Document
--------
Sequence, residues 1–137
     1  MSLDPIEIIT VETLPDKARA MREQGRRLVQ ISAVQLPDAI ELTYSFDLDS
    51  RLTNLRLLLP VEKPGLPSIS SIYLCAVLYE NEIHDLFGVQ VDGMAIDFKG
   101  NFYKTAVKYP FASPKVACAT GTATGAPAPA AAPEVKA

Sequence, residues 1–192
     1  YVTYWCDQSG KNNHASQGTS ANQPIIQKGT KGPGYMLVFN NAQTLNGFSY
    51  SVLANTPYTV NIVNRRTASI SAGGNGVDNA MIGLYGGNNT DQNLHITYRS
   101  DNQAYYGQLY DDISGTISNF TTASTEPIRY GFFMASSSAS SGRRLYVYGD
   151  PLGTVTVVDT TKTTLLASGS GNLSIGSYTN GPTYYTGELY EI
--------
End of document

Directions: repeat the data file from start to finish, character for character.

Sequence, residues 1–137
     1  MSLDPIEIIT VETLPDKARA MREQGRRLVQ ISAVQLPDAI ELTYSFDLDS
    51  RLTNLRLLLP VEKPGLPSIS SIYLCAVLYE NEIHDLFGVQ VDGMAIDFKG
   101  NFYKTAVKYP FASPKVACAT GTATGAPAPA AAPEVKA

Sequence, residues 1–192
     1  YVTYWCDQSG KNNHASQGTS ANQPIIQKGT KGPGYMLVFN NAQTLNGFSY
    51  SVLANTPYTV NIVNRRTASI SAGGNGVDNA MIGLYGGNNT DQNLHITYRS
   101  DNQAYYGQLY DDISGTISNF TTASTEPIRY GFFMASSSAS SGRRLYVYGD
   151  PLGTVTVVDT TKTTLLASGS GNLSIGSYTN GPTYYTGELY EI